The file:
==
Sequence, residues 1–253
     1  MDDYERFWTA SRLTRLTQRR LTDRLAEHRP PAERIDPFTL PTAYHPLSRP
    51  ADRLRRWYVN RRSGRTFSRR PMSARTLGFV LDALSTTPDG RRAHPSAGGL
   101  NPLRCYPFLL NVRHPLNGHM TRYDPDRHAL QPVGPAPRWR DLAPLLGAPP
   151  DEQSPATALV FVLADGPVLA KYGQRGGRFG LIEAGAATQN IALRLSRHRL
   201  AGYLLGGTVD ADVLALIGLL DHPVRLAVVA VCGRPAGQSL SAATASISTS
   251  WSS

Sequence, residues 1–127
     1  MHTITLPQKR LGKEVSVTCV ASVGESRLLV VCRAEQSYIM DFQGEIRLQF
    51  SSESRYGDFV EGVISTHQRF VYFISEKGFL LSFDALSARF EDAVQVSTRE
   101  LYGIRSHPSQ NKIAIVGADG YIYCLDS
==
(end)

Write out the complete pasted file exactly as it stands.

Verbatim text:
Sequence, residues 1–253
     1  MDDYERFWTA SRLTRLTQRR LTDRLAEHRP PAERIDPFTL PTAYHPLSRP
    51  ADRLRRWYVN RRSGRTFSRR PMSARTLGFV LDALSTTPDG RRAHPSAGGL
   101  NPLRCYPFLL NVRHPLNGHM TRYDPDRHAL QPVGPAPRWR DLAPLLGAPP
   151  DEQSPATALV FVLADGPVLA KYGQRGGRFG LIEAGAATQN IALRLSRHRL
   201  AGYLLGGTVD ADVLALIGLL DHPVRLAVVA VCGRPAGQSL SAATASISTS
   251  WSS

Sequence, residues 1–127
     1  MHTITLPQKR LGKEVSVTCV ASVGESRLLV VCRAEQSYIM DFQGEIRLQF
    51  SSESRYGDFV EGVISTHQRF VYFISEKGFL LSFDALSARF EDAVQVSTRE
   101  LYGIRSHPSQ NKIAIVGADG YIYCLDS